Whitby put on powerhouse display at Minto, put your cell phone away, why Jeff Shattler is top dog, and other lacrosse thoughts
For the vast majority of Canadian box laxers, the hangover of another season coming and going has been completed. For others like the Six Nations Chiefs and the Victoria Shamrocks, the chance to play in September and win Canada’s holy grail of lacrosse will be the ultimate antidote. The summer of 2013 revealed some new points of interest to me. I’ll take a stab at five things that have really caught my attention over the last few months of watching west coast lax and paying attention to the obvious out East.
1. The Whitby Warriors’ Minto Cup win was awe inspiring to me because they overcame all odds in the East and pulled their game tight when it mattered the most. Down two games to the powerhouse Six Nations Arrows in the Ontario Jr. A final and then again 3-2, this team acted anything but young in its composure and focus to grind out a Game 6 win and then slap it into 5th gear for the seventh and deciding game.
Next up they took the Minto Cup tournament by storm almost as an afterthought. Although New Westminister provided some competition and drama, we have once again been reminded why the Junior A system in Ontario reigns supreme.
Whitby has the largest minor lacrosse association in Canada with neighboring communities supplying extra help. The Junior B Clarington Green Gaels are a force themselves and a nice feeder system to the powerful Warriors machine.
It’s time for the West to do away with intermediate lacrosse and adopt the same structure as the east with the formation of a strong Jr.B league to support the numbers needed in B.C. Lacrosse. This alone will keep our 16-21 year olds engaged a little longer than what is taking place now.
While Clarington didn’t win the Jr. B title this year the Six Nations Rebels did for the 3rd straight year. Six Nations and Whitby-ish in the finals for Ontario Jr A and B. Strong Junior B teams supporting their Junior A teams making strong lacrosse communities and a point for the rest to follow.
2. The Senior A Brooklin Redmen made a statement in 2013. Did this team win anything more than confidence this summer? No.
Still, we saw a team with upstart players without NLL winter homes making a name for themselves consistently from May to August. Shawn Williams did his John Tavares imitation, posting 103 points and playing all 20 regular season games as he nears 40. Zach Higgins led the charge otherwise with his clutch performances in the Redmen net and when he watched from the bench Steve Fryer was in relief doing more of the same. There were others.
Mike Melnychenko, Kyle Aquin, Jordan Houtby and Sheldon Burns provided some depth, scoring and legs to a team already deep with younger established talent. While Six Nations disposed of Brooklin in the MSL finals in short order, the series was closer than your regular 4-0 game sweep.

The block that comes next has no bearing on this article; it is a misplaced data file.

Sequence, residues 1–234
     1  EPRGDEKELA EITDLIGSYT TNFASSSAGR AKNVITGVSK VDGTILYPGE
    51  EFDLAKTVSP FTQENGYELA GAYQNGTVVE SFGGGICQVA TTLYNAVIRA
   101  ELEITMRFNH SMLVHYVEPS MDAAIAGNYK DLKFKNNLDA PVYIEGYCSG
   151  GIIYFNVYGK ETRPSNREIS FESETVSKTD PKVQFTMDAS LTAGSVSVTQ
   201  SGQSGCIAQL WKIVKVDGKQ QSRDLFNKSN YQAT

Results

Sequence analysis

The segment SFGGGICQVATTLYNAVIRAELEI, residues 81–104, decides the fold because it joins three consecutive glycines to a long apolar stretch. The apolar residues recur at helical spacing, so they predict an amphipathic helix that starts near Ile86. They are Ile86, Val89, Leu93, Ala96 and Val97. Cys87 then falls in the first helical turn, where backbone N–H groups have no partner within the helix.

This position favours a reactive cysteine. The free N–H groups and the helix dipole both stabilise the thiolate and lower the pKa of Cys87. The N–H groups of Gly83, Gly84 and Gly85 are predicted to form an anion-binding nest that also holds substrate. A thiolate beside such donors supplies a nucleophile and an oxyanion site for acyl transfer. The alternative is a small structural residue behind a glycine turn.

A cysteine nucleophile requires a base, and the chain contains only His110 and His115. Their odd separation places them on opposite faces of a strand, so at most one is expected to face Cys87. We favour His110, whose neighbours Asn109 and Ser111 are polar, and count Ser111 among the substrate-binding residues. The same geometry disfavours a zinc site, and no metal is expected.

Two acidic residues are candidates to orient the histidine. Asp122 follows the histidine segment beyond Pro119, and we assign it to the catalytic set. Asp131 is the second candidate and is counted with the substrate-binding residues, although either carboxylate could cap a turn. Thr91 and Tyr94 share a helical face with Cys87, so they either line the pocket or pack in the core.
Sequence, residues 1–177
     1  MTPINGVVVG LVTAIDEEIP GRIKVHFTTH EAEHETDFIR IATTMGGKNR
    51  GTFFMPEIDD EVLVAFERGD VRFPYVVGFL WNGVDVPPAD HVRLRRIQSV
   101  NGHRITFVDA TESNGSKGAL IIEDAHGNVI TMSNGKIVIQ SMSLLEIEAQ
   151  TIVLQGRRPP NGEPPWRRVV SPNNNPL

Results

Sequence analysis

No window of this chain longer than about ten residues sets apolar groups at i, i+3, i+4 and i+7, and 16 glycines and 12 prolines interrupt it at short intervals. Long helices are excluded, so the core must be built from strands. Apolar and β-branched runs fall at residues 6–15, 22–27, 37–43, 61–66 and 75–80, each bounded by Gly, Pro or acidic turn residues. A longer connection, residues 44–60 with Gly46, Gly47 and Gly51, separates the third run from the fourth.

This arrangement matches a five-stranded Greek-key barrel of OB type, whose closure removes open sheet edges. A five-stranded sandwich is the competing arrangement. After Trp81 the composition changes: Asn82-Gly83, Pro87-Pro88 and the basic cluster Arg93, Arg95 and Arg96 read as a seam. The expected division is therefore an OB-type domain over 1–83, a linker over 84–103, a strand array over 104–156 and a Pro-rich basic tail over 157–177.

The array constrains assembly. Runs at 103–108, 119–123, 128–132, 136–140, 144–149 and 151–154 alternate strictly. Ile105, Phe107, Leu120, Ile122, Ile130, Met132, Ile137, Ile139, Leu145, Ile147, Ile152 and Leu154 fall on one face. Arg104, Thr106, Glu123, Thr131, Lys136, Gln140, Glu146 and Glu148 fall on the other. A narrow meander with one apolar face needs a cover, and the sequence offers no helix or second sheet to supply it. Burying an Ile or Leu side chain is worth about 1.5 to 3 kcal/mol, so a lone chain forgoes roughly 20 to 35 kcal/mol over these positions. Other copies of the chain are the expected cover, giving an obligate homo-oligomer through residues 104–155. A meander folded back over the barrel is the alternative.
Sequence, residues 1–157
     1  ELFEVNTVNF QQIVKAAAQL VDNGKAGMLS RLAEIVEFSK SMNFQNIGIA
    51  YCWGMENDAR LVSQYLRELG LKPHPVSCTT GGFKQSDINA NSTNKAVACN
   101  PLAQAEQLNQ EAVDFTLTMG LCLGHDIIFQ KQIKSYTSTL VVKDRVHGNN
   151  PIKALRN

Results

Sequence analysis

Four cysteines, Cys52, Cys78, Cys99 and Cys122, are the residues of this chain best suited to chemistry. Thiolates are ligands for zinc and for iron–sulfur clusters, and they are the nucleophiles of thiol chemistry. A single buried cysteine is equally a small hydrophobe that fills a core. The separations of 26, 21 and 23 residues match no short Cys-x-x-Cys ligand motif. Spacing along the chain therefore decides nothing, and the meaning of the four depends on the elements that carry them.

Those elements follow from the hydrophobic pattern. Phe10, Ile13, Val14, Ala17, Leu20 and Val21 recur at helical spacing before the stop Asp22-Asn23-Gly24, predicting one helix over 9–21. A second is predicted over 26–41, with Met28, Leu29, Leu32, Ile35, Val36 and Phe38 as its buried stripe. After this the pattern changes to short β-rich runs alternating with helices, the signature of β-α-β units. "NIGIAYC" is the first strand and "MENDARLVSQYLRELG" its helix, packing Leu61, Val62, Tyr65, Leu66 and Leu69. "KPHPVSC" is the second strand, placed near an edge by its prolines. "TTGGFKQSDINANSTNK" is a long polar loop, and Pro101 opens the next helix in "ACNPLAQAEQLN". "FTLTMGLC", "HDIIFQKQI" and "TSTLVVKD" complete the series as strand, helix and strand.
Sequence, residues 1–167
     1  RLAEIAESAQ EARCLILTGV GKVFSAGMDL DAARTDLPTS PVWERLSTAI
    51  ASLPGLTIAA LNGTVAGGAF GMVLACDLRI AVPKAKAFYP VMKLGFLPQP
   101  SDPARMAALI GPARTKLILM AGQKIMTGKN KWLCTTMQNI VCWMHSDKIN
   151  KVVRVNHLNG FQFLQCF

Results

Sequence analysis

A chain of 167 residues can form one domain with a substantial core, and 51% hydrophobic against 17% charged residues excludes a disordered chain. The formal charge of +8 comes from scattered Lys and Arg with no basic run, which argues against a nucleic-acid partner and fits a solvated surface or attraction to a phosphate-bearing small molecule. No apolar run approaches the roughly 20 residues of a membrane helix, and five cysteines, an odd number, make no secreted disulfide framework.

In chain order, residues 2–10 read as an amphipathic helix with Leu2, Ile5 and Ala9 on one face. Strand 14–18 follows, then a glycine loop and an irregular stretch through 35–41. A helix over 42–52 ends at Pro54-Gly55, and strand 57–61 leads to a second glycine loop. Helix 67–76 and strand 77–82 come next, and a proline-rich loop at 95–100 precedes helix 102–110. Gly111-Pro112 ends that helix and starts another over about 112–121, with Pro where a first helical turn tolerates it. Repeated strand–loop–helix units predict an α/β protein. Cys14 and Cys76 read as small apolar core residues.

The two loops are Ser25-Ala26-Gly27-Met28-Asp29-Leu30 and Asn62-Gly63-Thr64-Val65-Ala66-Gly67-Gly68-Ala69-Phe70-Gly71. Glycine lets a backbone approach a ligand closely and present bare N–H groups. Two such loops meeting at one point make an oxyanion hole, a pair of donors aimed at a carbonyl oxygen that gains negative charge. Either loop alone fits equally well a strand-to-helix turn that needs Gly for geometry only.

The biggest factor in the 2013 season was that this was the year that youth in Whitby accumulated from drafting and trading amounted to a playoff series win and a changing of the guard. The Redmen bypassed the Peterborough Lakers on the way to the dance, marking the official notice of Peterborough’s need to follow suit and get younger. Times, they are a changing.
3. Whenever I hear about the next big thing I get pessimistic that what I’m hearing is more hype than substance.
In late June I showed up late at a Victoria Junior A Shamrocks game, my first in quite some time. I walked through the door just in time to watch Jesse King weave through a couple of defenders to score his 4th goal of the contest. King went on to net 8 goals for the night against a strong Langley junior team.
I’m here to tell you all that Jesse King is the real deal.
Catching King’s act again vs. Coquitlam in the playoffs and then a few more times as a Senior A playoff call up confirmed my notion that King is the hottest junior to come out of Victoria since the Gaits and Marechek.
Inside, outside, footwork, size, speed, touch, brains … check!
All the weapons are in this kid’s arsenal. While watching him at both levels of A ball available to him this summer, King got to the net and kept going. It’ll be a couple of years before Jesse King gets to the NLL from Ohio State but when he does look for him to join Buckeye teammate Logan Schuss as a No. 1 NLL pick at the draft barring unforeseen injury.
4. Lacrosse is mimicking real life at every turn and this era is robbing itself of the joys of sports participation and working on a team.
The distraction of cell phones, texting, tweeting, email and the lot has put the ability to focus at a premium when teams show up to the rink no matter what the age. In a past year of my NLL management career we started having the guys turn in their cell phones when they showed up for the games to keep and maintain their attention.